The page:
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Odisha: The Fight is Getting Close, as BJD and BJP Battle Out Hurdles

While the ruling BJD is facing rebellion and anti-incumbency in some areas, BJP lacks organisational reach and a face to counter Naveen Patnaik.
Looking for a sixth tenure, a fear of a decline in vote share may be one reason compelling BJD’s Naveen Patnaik to play the religious card by propping up the Puri Temple Corridor project.

Image Courtesy: Twitter/@bjd_odisha

After the collapse of the likely alliance between the incumbent Biju Janata Dal (BJD) in the Assembly and the Opposition Bharatiya Janata party (BJP) in Odisha, both the parties are sailing in vessels that would now have to pass through a confluence of uncertainties with regard to simultaneous Lok Sabha and Assembly polls.

The anger and discomfort shown by the saffron party when talks were going on for a possible alliance now seem to be gradually fading. The BJP seems to have realised that it was crucial for any election.

Merely riding on the crest of Prime Minister Narendra Modi’s popularity is not enough to help the Odisha BJP to match the advanced preparedness by BJD, which has been in power in the state for the past 24 years under the leadership of Naveen Patnaik, a popular Chief Minister.

BJD has made inroads at all levels. Its organisational network is present in every nook and corner, which is far ahead of what BJP can reach.

Moreover, the BJP has hardly any popular face so far, who can be projected as a counter to Patnaik.

Also, the BJP unit in Odisha, which virtually pressured its central leadership to part ways with BJD, now carries two moral challenges.

One is that the party will have to work hard to match Modi’s quest for more Lok Sabha seats from the state for his ‘Abki baar-400 paar’ claim. At the same time, BJP will have to increase its presence in the Assembly with a respectable number, which means winning more than 22 seats it had in the last Assembly so that it can be freed of BJD’s dominance in the House.

This is surely a tall order for BJP.

BJD, on the other side, will be able to explain its unwillingness for an alliance, as it would have made things easy for the saffron camp in 2024.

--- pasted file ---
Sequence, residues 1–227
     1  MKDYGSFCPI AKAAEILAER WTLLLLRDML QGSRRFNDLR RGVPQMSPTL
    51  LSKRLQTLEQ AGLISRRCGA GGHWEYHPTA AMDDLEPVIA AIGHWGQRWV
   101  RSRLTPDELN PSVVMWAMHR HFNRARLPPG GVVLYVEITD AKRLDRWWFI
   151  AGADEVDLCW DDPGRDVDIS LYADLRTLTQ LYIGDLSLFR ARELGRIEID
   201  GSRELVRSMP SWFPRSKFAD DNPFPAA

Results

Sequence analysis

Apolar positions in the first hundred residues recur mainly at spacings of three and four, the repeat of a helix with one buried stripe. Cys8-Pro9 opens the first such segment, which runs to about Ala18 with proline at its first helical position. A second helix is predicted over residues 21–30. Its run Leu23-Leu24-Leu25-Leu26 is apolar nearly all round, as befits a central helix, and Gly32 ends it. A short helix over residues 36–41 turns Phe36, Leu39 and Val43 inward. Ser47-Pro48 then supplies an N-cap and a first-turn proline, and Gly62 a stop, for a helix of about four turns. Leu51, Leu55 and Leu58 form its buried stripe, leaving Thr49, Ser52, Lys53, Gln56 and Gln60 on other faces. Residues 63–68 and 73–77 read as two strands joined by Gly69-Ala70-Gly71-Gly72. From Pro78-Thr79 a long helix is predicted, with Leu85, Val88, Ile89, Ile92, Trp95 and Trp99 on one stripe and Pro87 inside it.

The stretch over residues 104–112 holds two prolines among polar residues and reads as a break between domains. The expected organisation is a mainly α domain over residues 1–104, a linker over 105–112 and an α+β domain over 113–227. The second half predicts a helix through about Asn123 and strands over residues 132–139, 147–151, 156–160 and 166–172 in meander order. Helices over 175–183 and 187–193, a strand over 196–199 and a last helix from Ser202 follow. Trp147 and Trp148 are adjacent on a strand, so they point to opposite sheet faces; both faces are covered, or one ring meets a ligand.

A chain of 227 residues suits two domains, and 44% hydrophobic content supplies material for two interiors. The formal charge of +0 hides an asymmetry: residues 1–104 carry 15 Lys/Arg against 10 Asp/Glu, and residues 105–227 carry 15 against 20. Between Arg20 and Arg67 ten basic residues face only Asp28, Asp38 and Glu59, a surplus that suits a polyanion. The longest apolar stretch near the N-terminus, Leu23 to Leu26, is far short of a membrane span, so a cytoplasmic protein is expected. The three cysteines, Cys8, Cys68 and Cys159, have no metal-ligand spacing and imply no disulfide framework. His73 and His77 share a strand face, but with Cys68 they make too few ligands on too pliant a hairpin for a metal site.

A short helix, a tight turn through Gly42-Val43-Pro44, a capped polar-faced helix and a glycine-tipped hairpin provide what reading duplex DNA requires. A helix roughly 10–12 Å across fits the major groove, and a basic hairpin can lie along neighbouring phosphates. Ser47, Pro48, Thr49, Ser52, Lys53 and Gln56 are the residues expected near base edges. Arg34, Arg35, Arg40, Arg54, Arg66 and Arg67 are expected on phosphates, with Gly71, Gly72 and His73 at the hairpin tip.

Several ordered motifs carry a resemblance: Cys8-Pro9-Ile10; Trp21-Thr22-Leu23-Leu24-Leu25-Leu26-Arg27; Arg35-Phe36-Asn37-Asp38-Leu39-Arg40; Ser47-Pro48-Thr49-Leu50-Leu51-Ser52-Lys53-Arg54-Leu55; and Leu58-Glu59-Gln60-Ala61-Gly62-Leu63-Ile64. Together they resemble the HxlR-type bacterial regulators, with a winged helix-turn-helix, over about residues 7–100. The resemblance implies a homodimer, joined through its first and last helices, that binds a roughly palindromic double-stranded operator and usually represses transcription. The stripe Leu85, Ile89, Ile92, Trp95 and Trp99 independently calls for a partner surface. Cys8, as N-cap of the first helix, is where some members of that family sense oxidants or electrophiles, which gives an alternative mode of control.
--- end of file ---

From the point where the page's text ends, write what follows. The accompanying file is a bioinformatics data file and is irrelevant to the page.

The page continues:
Now the bullet is out of the barrel. There is no going back. Both parties have somehow locked horns regardless of the cordial relationship between Modi and Patnaik.

On the BJD side, too, things will not be as easy because at the grassroot level, the anti-incumbency factor of five- years of rule is playing out in several areas. And, if murmurs of discontent among many sitting MLAs are anything to go by, the rebellion underneath has already come to the fore. Many sitting legislators are getting replaced. Interestingly, so far, only three MLAs-cum-ministers from the earlier stock, above 60 years of age, are being given a chance for the sixth time, while many new young faces are being considered. This has also whipped up an air of dissent within the BJD.

In this situation, Congress has a chance to gain the spin-off benefits while BJP may garner some votes in its favour, but not substantial enough.

However, some new faces owing allegiance to either Congress or BJP have been chosen by BJD to counter the rebellion factor.

With BJD aiming to win at least 100 Assembly seats, it has to face many headwinds. If it ends up somewhere below 70 seats in a House of total 147 seats, then its legislative dominance will reduce and the Patnaik dispensation would be bound to bow down before any defiance from the saffron benches.  

The writer is a freelance journalist based in Odisha. The views are personal.

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